Wednesday, September 09, 2009

Rationing is the wrong word

In the ongoing debate over Obamacare, conservatives keep saying that the plan will lead to rationing of care, as too many people compete for too few doctors and services, and as the costs of Obamacare face the reality of exploding federal deficits.  But rationing is the wrong word to describe the process that Obamacare will subject us to.  The correct word is very familiar to emergency room doctors and the military-triage.

Ration is defined by Websters as 'a food allowance for one day' or 'a share, especially as determined by supply'.  Clearly, medical care is not in short supply in the US.  Compared to other countries, the US has more doctors and medical supplies per person.  Even a small town like Owatonna has a half dozen choices for purchasing prescription medication.  When we use the word 'rationing' to describe the likely effects of Obamacare, we are conjuring images of the last few major outbreaks of rationing in the US-the oil embargo in the 70's and the war shortages of WWII.  Neither one of these is a proper comparison to Obamacare.  In WWII and during the 70's, the nation faced an actual shortage of materiel, and what little there was was allocated to each person equally.  The only priority given was to those directly involved with the war effort.  The government divided the limited supply equally among citizens.

But Obamacare wont directly reduce the supply of health care in America, it will artificially reduce demand.  By introducing government control into health care, the Obama plan will allow the government to regulate demand for health care by determining what it will pay for.  Eventually, a lack of demand will mean a smaller supply, but that will be a ways down the road.

So what Obamacare is really going to do is not ration the supply of health care, instead it will triage the demand for it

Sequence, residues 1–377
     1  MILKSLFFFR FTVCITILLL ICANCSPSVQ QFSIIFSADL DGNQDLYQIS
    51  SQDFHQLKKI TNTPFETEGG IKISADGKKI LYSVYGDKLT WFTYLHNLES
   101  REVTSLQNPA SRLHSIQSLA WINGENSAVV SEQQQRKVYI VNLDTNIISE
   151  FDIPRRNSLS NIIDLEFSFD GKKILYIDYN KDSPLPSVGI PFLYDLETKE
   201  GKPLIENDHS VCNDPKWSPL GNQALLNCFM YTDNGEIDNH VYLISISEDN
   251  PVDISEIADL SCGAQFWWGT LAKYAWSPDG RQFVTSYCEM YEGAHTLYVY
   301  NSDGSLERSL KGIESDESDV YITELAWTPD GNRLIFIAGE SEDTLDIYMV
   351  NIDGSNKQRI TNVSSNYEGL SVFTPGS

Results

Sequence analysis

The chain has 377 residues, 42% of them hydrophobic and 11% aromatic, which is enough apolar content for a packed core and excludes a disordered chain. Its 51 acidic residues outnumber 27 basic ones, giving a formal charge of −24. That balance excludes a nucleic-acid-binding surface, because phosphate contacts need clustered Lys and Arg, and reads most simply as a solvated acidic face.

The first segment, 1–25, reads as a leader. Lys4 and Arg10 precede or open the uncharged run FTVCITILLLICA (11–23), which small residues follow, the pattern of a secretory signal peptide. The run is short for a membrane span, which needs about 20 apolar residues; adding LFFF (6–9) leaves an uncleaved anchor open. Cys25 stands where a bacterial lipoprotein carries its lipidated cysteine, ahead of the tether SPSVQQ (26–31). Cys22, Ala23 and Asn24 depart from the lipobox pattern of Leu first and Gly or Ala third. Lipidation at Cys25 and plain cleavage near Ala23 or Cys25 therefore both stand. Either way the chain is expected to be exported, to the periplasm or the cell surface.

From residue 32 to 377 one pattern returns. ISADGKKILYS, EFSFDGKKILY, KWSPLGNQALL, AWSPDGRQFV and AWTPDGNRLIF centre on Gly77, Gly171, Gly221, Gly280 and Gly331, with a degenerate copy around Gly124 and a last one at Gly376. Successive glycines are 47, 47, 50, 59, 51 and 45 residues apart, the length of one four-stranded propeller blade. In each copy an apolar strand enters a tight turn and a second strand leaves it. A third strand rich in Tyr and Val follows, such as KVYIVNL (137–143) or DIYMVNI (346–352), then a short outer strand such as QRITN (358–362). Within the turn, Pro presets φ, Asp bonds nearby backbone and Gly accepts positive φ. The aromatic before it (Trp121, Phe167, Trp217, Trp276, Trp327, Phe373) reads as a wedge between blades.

Triage is defined as
1 a : the sorting of and allocation of treatment to patients and especially battle and disaster victims according to a system of priorities designed to maximize the number of survivors b : the sorting of patients (as in an emergency room) according to the urgency of their need for care
 In the army, we use a simple color code to triage patients.  Green for minor wounds, red for life threatening, and black for those not likely to survive.  Green patients are given routine care or encouraged to care for themselves until they can be evacuated.  Red patients are given heroic life saving care by medics and doctors and are given priority over everyone else.  Black patients are separated from everyone else and made as comfortable as possible.

 In order to extend health insurance to those who currently don't have it, and still be revenue neutral (or save money, which is what the Democrats still claim), Obamacare will have to cut services somewhere.  The easiest way to do that is to move patients from red to black.  Even moving the line between red and black just a little bit could mean thousands of people who are no longer eligible for life saving care.  President Obama suggested this himself, "maybe you're better off not having the surgery, just taking painkillers".  But Obama's notion that this would be a suggestion is laughable.  The entire point of Obamacare would be to establish government oversight over health care, and what procedures are justifiable at what point in a patient's care.

So when supporters of this health care reform tell you that there will not be any rationing, they are technically correct.  Rationing would actually be better than what we will get if this bill passes.

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